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Tour de Business like Tour de France

A few of my friends and I enjoy road cycling. Almost every Saturday we get together and put in 45-55 miles over 3 hours or so. Naturally, we track Tour de France, one of the most grueling road bike competitions where the riders put in 21 rides/stages over a 23-day period. Each ride can last from 3.5 hours to 5 hours or more with an average distance of 100 to 120 miles. A couple of days of such pace might be alright, if you ride, but riding 21 days with only 2 days of break is just insane and respectable to say the least!

To win in Tour de France, there must be a single rider who performs all 21 stages in the cumulatively least amount of time. At every stage completion the total rider’s time gets added up to determine the rider with the least amount. The best performing rider gets a Yellow Jersey, which marks an overall champion of the competition through the most current stage. Yellow Jersey can change hands a few times throughout the race.


“Business and running operations are like the grind of Tour de France. Yes, we get more breaks, but ultimately the business never sleeps and there are other teams and riders competing for your customers and clients every days and every hour."


Now why would I write about Tour de France? A common strategy to win the race is identify the strongest rider and have his other 7 teammates help him win the stages by letting him draft behind them most of the way until the end where the strongest rider of one team competes for the Yellow Jersey with the strongest riders of other teams. The systematic approach of the teamwork and other riders supporting their champion is not that far off a typical corporate structure including VPs and Managers and other staff members helping the CEO to execute.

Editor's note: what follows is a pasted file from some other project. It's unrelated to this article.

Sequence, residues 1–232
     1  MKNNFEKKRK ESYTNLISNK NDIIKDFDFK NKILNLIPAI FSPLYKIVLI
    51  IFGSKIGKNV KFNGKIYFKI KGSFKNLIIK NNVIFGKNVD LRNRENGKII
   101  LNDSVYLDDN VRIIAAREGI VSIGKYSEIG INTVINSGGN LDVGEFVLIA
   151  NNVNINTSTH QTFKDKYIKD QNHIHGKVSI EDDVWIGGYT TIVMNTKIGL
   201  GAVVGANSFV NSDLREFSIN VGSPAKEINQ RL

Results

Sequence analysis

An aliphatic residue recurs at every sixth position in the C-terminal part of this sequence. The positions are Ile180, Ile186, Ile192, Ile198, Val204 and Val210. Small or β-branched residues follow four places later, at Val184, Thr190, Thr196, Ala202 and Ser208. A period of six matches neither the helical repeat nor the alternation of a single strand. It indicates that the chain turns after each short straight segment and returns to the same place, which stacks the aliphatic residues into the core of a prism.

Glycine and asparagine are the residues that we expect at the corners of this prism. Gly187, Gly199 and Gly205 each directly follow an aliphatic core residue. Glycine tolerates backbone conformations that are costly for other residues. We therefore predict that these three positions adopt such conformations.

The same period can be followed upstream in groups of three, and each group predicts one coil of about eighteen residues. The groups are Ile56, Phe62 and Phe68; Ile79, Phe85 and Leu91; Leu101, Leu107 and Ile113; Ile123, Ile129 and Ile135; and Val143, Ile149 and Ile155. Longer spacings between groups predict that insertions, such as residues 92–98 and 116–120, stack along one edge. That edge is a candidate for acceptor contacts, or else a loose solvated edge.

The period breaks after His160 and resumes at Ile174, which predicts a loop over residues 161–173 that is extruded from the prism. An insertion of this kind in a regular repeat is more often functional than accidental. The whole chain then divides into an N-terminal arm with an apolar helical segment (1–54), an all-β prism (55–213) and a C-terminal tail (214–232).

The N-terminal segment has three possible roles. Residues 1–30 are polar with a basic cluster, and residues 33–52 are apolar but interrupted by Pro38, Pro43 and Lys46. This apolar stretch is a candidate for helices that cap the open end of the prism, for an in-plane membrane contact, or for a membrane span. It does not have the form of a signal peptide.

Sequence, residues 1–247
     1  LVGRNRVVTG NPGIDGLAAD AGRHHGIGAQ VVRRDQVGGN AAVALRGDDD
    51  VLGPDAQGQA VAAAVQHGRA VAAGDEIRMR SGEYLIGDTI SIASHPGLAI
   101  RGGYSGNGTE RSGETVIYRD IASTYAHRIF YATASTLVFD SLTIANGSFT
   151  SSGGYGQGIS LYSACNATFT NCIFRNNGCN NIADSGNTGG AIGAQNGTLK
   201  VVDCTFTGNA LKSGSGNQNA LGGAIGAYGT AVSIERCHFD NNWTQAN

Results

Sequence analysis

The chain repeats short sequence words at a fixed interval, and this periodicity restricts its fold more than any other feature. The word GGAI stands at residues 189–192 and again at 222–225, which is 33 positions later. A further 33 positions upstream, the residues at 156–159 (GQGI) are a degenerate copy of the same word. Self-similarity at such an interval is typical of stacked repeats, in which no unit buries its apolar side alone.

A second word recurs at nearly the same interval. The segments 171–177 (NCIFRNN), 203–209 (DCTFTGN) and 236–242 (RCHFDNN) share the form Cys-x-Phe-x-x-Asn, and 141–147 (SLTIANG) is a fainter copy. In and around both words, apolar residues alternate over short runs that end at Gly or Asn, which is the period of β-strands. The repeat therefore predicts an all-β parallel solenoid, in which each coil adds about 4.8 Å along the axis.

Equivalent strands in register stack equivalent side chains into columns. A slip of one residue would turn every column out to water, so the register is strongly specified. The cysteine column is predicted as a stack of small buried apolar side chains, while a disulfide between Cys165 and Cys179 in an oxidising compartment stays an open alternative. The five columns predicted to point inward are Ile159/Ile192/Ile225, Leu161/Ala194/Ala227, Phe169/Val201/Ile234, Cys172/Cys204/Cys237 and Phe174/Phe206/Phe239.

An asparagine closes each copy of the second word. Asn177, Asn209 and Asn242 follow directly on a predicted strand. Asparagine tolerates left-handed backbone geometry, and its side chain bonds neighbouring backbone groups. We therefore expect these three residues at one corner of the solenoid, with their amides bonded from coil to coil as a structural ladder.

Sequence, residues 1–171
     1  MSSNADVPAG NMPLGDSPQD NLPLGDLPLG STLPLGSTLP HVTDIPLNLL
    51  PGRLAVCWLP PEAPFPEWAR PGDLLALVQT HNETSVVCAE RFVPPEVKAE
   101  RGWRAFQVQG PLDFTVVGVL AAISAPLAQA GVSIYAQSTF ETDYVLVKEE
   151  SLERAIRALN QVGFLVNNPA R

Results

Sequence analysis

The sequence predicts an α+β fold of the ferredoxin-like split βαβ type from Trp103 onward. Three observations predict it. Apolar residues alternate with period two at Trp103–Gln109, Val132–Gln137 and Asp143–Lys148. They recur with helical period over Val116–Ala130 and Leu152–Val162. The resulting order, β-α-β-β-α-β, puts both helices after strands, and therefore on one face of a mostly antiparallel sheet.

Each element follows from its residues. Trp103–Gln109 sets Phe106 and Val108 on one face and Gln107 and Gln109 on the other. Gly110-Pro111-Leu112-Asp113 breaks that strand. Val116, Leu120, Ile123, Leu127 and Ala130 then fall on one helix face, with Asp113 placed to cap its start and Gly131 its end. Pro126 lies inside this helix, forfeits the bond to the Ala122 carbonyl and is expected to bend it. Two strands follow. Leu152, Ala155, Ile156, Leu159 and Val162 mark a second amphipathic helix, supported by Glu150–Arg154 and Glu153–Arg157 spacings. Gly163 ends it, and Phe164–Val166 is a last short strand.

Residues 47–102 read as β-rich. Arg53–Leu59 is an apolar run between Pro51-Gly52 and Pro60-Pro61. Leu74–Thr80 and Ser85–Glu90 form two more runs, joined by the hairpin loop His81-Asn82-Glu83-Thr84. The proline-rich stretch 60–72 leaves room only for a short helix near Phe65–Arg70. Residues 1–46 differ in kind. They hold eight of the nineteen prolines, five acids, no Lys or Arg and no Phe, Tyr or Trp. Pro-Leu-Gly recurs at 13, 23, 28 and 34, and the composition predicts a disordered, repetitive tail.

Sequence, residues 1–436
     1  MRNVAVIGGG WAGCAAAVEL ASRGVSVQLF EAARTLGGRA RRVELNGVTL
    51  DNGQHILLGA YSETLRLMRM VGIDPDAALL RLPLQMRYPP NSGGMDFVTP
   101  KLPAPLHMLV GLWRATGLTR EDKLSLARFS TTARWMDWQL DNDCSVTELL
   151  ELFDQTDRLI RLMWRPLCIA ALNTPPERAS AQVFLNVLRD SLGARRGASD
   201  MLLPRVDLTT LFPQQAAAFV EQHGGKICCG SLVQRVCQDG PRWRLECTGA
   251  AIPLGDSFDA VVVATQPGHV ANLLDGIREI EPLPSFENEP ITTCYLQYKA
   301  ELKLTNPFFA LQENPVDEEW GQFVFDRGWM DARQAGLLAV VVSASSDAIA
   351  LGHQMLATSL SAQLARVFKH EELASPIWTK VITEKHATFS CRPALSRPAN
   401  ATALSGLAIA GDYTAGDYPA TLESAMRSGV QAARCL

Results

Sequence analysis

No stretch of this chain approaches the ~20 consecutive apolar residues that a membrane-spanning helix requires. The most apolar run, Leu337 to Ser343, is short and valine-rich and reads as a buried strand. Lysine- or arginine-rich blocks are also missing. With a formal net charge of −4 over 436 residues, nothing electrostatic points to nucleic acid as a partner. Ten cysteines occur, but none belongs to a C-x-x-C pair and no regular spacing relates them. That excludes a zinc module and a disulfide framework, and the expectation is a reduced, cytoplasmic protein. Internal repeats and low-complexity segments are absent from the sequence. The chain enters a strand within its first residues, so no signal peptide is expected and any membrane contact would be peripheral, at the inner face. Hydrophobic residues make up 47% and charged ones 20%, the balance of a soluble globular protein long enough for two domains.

Although there’s a specific champion who gets to ring a bell on the stock exchange after an IPO or gets on cover of a magazine, that person wouldn’t be there if it wasn’t for his team’s work and execution. Also, because of how co-dependent the riders are on one another, a small deviation or misreading of a road-turn can lead to a disastrous fall and other teams leaving you behind in dust. Similarly, business partners and colleagues supporting the CEO have an immense impact on their leader’s and therefore team’s success.


This is why we hear that investors fund teams and not ideas or that there can’t be two captains navigating the same ship, or a team is as strong as its weakest link.


Business and running operations are like the grind of the Tour de France. Yes, we get more breaks, but ultimately the business never sleeps and there are other teams and riders competing for your customers and clients every day and every hour.


The moral of the story is never forgetting your employees who are your teammates and partners carrying you to your Yellow Jersey and winning the championship.


One of my recent observations of great teamwork comes from a company I recently visited with. The management empowered their employees by clearly explaining how their performance impacts the business’ success. It was done through training, branding and clear communication as well as listening to their people’s needs and matching them to the right projects. Some of the branding techniques were accomplished by doing an office make-over to give their employees a sense of pride and a comfortable place to work. From wall colors to personalized signage and photographs to semi-private booths - all that gave them a sense of comfort and belonginess and pride. This resulted in improved morale, performance and an overall stronger and more competitive business.


-A.G.

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